Weapon of Choice

Sage ZXL 9ft 5wt, Lamson Litespeed 2, Rio Gold line

I take pride in my trout set up, wanting it to be as much a thing of beauty as practicality. Today’s fly fishing market leaves the fisherman with a plethora of gear options. You can spend under $100 or well over $1000 on a rod and reel setup. Each have their advantages and it really comes down to personal preference. Below is my preference.

Rod - Sage ZXL: I love this rod. I also got a good deal on it, because with the current selection of rods on the market, I don’t want to spend $675 on a single rod. That being said, this is my favorite rod out of the dozen I own. The medium action flex allows for an incredible feel while casting and fighting fish without compromising the ability to throw large flies long distances. The quality Sage offers is something to marvel at and one can make the argument that a Sage rod is equal parts functional tool and piece of art. The cork is flawless, the reel seat hardware is minimal and sound, all adding to the fly fishing experience. The customer service is impeccable (I’ve broken this rod twice). Retail: $675

Reel - Lamson Litespeed:  The importance of the reel is often a polarizing opinion among fisherman. Some say it is a glorified line holder and some say it is the difference between landing and losing a fish. While the vast majority of the trout I catch are not taking me into my backing, I still want the assurance that when that trophy fish appears, I will be able to put the brakes on without snapping my 6x tippet. The Lamson Litespeed provides this assurance. It is extremely lightweight and extremely strong (a good property when shimmy down canyons and banging against rocks). The drag is exceptional, allowing for mid fight drag adjustments (a faux pas to many). Possibly the most obscure feature I appreciate about this reel is how flush the spool sits in the reel. I have reels where the spool doesn’t sit flush to the frame, creating a slight ridge for line to get caught on. Now this is not such an issue if you don’t have the bad habit (like I do) of pulling out line at an angle while false casting. I have broken several lines this way. None the less, a more flush fit is one less issue to worry about. Retail: $309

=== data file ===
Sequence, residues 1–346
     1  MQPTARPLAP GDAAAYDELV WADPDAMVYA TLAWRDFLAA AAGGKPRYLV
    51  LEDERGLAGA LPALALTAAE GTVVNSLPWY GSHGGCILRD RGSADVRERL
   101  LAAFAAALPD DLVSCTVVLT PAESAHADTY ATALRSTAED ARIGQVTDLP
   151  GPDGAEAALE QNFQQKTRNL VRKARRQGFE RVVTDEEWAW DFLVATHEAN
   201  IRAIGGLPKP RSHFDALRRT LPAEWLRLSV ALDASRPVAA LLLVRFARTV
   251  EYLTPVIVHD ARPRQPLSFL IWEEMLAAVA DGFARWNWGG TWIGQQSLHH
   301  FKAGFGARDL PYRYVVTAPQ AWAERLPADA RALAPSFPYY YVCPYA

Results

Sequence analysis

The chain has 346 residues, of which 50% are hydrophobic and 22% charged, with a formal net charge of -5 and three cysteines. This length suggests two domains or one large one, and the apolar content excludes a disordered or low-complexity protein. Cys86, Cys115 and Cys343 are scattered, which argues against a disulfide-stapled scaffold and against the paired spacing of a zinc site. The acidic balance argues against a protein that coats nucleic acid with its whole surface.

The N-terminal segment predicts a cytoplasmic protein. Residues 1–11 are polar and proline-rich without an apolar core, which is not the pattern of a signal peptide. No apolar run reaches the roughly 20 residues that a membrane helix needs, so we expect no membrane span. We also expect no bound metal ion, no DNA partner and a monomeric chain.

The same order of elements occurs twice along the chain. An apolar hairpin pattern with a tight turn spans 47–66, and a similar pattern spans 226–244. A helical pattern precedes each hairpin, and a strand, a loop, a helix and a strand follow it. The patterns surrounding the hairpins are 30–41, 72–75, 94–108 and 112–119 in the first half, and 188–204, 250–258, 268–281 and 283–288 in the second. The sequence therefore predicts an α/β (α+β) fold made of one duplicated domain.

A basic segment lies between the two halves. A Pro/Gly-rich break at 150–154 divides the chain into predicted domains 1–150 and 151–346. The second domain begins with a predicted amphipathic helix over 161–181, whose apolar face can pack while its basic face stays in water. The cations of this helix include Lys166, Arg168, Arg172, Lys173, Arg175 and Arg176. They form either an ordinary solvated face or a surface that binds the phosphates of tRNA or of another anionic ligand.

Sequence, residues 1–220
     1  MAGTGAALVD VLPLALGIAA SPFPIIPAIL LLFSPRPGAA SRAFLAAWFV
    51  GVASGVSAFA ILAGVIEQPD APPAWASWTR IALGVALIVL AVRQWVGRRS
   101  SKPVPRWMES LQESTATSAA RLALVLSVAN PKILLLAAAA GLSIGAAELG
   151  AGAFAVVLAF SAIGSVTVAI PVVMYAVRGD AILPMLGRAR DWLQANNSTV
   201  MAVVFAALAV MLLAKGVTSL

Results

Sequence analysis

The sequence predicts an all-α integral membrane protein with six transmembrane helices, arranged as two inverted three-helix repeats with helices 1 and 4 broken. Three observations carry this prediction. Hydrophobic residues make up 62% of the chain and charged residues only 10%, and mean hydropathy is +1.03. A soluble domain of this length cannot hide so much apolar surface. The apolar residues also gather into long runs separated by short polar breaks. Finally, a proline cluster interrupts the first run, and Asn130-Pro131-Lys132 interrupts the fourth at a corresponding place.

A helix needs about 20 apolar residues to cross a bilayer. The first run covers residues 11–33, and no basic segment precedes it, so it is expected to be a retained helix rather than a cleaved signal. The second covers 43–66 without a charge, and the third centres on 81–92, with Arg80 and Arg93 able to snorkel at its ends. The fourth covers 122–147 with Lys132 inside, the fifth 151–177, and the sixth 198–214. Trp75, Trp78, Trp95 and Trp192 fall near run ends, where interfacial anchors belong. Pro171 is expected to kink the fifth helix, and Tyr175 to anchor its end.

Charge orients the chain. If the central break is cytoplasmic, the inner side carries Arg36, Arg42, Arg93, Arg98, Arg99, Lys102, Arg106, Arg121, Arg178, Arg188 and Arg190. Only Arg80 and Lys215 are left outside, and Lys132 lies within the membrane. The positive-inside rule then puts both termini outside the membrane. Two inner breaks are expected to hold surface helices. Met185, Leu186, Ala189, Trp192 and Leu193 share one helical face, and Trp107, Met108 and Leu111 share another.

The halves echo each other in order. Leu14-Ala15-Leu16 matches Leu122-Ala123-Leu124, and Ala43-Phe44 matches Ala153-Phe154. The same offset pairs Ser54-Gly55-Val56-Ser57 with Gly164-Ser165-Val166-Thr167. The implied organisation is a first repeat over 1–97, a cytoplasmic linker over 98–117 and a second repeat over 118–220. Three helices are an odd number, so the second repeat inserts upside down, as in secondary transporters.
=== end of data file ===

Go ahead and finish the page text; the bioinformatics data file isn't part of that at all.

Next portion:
Line - Rio Gold: This is my favorite trout line, although I still use it for bass, carp, etc. This floating line cast like a dream be it throwing streamers or midges. There is little memory in the line, allowing it to unfold nicely and minimize tangles even after a long spell spooled up. This line has performed well for me in both warm and cold water conditions. I also like the color of the line, which transitions from olive to gold. I am not sure of the science behind it, but I imagine an olive line is less intrusive to the fish’s view than say, a neon orange line. Retail: $75